Humans are intimately connected to nature. This is an idea that has persisted across cultures and throughout the history of time. This is reflected by the idea that we all tend to prefer countryside views to urban ones. Similarly, 100s of studies have found that experiencing nature has a positive effect on our physical and mental wellbeing. Other studies also show that people with pets tend to be happier.
Nature and images of nature often inspire feelings of awe. Piff et. al.’s study found that this sense of awe changes our sense of self and reduces barriers we feel between ourselves and others. The positive emotions we get from nature have also been shown to foster altruistic behavior even when briefly experienced. On the other side, Louv’s “Last Child in the Woods” study hypothesizes that depression and anxiety are fuelled by a disconnect with nature they term a “nature-deficit disorder”.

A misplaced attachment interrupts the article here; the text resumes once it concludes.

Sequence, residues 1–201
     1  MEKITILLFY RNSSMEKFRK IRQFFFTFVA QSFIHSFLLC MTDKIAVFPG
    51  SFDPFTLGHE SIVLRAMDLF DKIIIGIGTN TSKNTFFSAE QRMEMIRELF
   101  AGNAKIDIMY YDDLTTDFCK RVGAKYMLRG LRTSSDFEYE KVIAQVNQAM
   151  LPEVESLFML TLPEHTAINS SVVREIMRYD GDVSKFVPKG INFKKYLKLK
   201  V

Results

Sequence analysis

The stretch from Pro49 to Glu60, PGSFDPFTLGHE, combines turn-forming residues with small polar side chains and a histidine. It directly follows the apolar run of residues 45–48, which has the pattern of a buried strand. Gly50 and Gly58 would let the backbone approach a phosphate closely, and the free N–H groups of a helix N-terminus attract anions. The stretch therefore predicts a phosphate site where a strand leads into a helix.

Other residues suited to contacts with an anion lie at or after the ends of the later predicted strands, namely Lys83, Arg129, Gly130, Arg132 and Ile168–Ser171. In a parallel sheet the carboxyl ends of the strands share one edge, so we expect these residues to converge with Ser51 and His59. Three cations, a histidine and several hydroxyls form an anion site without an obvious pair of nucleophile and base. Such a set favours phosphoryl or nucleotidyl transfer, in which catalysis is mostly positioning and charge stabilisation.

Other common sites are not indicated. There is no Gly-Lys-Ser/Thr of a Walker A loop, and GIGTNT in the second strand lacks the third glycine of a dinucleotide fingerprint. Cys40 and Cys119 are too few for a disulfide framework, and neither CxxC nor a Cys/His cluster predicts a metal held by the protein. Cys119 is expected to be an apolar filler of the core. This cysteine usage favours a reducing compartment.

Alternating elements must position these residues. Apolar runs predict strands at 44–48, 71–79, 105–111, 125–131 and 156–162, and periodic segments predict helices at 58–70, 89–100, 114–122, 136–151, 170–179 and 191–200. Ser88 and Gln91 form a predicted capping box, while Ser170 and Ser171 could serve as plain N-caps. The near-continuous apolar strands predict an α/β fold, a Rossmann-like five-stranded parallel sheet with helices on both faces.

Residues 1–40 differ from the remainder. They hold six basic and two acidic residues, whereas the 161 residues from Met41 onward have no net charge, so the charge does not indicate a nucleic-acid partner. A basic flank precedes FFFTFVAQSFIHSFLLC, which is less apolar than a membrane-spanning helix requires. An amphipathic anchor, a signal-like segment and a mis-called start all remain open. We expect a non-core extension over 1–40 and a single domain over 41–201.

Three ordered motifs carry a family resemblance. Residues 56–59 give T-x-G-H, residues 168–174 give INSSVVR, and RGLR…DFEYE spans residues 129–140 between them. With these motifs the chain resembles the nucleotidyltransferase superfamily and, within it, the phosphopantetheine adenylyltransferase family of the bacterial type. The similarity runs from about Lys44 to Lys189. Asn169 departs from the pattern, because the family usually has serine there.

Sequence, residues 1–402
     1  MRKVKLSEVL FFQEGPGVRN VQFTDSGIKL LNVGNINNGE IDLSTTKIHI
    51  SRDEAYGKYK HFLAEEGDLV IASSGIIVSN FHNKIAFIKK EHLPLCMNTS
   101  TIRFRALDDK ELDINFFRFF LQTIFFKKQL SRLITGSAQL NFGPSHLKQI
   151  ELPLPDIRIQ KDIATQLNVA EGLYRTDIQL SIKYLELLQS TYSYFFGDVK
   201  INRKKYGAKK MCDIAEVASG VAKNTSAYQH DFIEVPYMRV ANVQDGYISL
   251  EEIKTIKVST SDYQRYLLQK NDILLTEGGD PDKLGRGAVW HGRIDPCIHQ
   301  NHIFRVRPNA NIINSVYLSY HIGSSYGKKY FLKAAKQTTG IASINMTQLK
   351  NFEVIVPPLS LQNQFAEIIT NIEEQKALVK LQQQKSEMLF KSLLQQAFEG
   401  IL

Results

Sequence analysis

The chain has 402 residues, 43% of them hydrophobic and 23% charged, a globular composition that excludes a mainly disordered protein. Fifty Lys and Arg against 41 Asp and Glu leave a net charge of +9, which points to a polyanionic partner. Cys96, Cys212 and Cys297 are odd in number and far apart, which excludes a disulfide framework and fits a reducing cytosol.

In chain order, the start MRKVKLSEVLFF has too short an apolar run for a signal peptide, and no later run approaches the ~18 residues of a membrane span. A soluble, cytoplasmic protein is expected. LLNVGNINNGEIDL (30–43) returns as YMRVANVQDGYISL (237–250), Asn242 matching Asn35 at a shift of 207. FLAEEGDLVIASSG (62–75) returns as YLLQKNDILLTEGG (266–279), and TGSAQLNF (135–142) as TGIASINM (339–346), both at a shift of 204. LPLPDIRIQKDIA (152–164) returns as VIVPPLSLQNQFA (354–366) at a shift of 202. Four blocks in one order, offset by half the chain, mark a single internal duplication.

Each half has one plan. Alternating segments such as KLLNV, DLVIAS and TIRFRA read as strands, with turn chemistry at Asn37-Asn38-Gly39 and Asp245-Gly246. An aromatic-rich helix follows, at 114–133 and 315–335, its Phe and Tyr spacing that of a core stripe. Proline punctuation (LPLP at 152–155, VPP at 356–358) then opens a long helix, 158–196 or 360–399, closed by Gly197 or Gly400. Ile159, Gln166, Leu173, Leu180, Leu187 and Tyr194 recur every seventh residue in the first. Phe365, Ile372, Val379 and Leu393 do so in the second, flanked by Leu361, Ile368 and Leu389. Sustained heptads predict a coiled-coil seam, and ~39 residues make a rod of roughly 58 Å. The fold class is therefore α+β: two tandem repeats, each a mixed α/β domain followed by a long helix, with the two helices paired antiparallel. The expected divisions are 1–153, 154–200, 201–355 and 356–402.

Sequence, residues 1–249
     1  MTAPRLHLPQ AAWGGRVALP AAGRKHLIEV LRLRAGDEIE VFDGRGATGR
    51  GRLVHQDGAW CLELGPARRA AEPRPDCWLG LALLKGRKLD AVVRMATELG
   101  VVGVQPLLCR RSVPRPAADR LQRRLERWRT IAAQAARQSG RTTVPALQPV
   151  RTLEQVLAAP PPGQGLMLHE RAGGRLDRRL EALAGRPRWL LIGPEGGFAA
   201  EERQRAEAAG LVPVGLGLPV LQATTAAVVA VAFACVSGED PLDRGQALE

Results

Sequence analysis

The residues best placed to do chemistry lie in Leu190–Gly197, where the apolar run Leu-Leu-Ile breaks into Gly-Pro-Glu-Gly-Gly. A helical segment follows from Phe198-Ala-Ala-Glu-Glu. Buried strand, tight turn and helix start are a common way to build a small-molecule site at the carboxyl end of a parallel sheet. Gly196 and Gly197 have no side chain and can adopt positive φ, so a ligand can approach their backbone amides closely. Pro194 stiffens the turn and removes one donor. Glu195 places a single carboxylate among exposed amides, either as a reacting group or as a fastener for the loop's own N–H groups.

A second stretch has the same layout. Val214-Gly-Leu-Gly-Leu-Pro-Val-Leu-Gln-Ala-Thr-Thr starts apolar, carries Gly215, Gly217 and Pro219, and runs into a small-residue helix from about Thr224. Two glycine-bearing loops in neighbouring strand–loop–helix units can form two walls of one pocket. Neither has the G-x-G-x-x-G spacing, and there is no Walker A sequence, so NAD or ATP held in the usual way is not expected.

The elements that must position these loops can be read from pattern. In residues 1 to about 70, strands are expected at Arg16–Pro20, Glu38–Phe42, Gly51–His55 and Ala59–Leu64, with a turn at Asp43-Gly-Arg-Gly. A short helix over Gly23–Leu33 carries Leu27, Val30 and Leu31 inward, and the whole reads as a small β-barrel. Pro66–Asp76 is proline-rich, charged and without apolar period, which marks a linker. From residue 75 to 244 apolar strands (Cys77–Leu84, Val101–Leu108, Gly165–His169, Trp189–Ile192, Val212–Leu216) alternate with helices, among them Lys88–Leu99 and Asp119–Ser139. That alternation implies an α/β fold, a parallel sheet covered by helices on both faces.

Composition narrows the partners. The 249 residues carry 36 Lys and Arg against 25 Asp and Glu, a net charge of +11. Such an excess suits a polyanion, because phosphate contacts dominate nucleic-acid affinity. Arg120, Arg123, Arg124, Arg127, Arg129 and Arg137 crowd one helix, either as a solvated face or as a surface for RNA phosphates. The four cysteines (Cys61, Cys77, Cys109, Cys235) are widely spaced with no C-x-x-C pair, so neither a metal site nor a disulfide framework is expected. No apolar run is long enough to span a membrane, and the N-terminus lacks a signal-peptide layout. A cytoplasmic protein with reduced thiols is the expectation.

Other studies have shown the numerous and wide-ranging benefits of a connection to nature. For example:

What are the benefits of tree-hugging?

As we have outlined, getting out into nature, being surrounded by it, or simply viewing it can have psychological and physical benefits. Getting up close and personal only serves to accentuate these effects. This has long been known in Japan, where the national health program has offered forest bathing since 1982.
Known as shinrin-yokuforest bathing has been found to reduce blood pressure, improve memory and concentration, and lower cortisol levels. Rather than simply strolling through a forest, it involves shedding all devices and mindfully spending time under the tree’s canopies. Typically, this would last at least 3 hours. However, the close contact of hugging a tree for 5 minutes makes mindful practice somewhat easier.